The full-fledged “Drones” World Tour may have technically come to its conclusion, but Muse lovers were in luck (at least for a little while) with the announcement of select festival dates this summer, including an immensely anticipated headlining slot to kick off opening night of Lollapalooza 2017 opposite Lorde. While Matt Bellamy, Chris Wolstenholme and Dominic Howard came out swinging to the even fresher, momentum-building alt-rocker “Dig Down,” their spellbinding set was cut short due to severe weather that forced the entire event to evacuate.
Before it was time to prematurely say goodbye, Muse with its sea of blinding lights and synchronized screens blasted out the militant “Psycho” from its latest aforementioned long-player, prior to dipping back to the 2003’s elaborate breakthrough album “Absolution” for the jittery stomper “Hysteria.” The riffs to a cover of AC/DC’s “Back In Black” also permeated through the wet air, but were ultimately aborted when a hesitant Bellamy announced the guys were being told to leave the stage, and while lightning conditions deemed it unsafe to ever continue, at least the band made each of its few moments as grandiose as possible.
The riffs to a cover of AC/DC’s “Back In Black” also permeated through the air, but were ultimately aborted when a hesitant Bellamy announced the guys were being told to leave the stage, and while lightning conditions deemed it unsafe to continue, at least Muse made each of its few moments as grandiose as possible.
At least as many (if not more) turned out for hip-hop hit maker Wiz Khalifa, who brought the party (along with the pot), and even though nothing was particularly deep, his connectivity was undeniable. The singles-stacked set included an in-the-flesh feature from Ty Dolla $ign on the new “Baby Come Give Me Something,” plus “See You Again,” “We Dem Boyz” and “Young, Wild & Free,” accompanied by a message for everyone to simply be themselves.
Unfortunately, the vibe wasn’t nearly as positive when Liam Gallagher put his solo career on display for the first time at this specific fest, and while he may have been expecting to get the same reaction as say Glastonbury, most of the millennials had no knowledge of neither his solo career nor Oasis. They had a chance to learn with true-to-form renditions of the textbook Britpop tunes “Rock ‘N’ Roll Star” and “Morning Glory,” in addition to a sample of his own “As You Were” project, but he abruptly left after barely 20 minutes with no explanation, later taking to Twitter saying his voice was shot (despite sounding pretty much like the scratchy/scrappy blend it always does), leaving some to wonder if a generally indifferent audience could’ve contributed.As Gallagher’s crowd was looking back in anger, hip-hop/trap trio Migos fans were kept waiting 35 minutes for a set that was far from spectacular but managed to cram in all the major necessities such as “Slippery,” “Bad And Boujee” and “Handsome And Wealthy.” Capital Cities may be unfairly lumped into the one-hit wonder category thanks to the enormous “Safe And Sound,” but the synthpop group were quick to remind everyone that “Kangaroo Court” was as contagious of a contender and the cheery newcomer “Swimming Pool Summer” was also able to keep the dancing going.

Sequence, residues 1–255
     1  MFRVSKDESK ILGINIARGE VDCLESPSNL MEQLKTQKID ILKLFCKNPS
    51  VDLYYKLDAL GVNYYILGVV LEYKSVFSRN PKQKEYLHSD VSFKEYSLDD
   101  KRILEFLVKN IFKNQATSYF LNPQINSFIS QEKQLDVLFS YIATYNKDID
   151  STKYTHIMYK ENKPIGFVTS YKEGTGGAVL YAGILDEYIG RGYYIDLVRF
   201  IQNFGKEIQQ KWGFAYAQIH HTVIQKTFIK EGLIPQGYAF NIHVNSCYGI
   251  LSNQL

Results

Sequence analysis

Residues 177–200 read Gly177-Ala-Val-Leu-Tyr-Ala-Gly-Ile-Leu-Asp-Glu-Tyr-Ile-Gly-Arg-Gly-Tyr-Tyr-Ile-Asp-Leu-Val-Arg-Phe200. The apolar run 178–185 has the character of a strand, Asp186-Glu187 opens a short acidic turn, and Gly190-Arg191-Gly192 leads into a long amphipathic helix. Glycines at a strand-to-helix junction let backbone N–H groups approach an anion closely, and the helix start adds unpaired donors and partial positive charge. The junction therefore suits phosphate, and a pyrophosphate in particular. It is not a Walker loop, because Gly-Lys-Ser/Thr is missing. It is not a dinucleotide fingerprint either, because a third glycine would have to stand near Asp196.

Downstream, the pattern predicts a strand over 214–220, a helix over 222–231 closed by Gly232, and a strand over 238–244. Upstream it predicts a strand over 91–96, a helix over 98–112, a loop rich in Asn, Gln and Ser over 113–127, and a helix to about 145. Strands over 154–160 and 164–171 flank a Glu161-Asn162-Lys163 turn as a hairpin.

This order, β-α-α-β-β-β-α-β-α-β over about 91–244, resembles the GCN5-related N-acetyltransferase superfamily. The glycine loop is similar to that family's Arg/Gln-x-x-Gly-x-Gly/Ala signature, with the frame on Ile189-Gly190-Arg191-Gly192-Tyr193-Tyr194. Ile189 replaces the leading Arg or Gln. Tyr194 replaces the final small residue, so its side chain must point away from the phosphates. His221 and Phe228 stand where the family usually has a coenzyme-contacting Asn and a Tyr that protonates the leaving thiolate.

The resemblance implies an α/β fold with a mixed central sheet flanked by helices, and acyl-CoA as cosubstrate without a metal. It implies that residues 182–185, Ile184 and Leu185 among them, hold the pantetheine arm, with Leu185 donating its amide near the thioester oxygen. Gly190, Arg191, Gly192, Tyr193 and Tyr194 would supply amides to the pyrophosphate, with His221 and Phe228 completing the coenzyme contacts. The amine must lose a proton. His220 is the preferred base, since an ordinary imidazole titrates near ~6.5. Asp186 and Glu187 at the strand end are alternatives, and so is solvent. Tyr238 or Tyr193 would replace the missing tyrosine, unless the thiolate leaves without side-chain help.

Between all the enjoyment and annoyance, the launch of this Lollapalooza may have very well belonged to Jon Bellion, who’s been blowing up between YouTube, co-writing for Eminem with Rihanna and Jason Derulo, collaborating with Zedd, touring relentlessly and supporting Twenty One Pilots. The songwriter/producer looked both overwhelmed and overjoyed when scanning the endless sea of faces, noting a mere 130 die-hards caught him on these very grounds two years ago.
Throughout a charismatic hour that regularly blurred the carnal, spiritual and consistently thought-provoking, the rapidly rising pop/hip-hop/R&B star tore through his now gold-certified collection “The Human Condition,” starting with “He Is The Same” straight into the triple platinum “All Time Low.” But that confidence to burn through his most universally familiar track so early was more than justified throughout several more groove-saturated selections (“Guillotine,” “80’s Films,” “Overwhelming,” “Jim Morrison”), all of which could quite realistically be closing out the night by this time in 2018.
Lollapalooza takes place at Grant Park through Sun. Aug. 6. For additional details, visit Lollapalooza.com.
For additional information on Muse, visit Muse.Mu.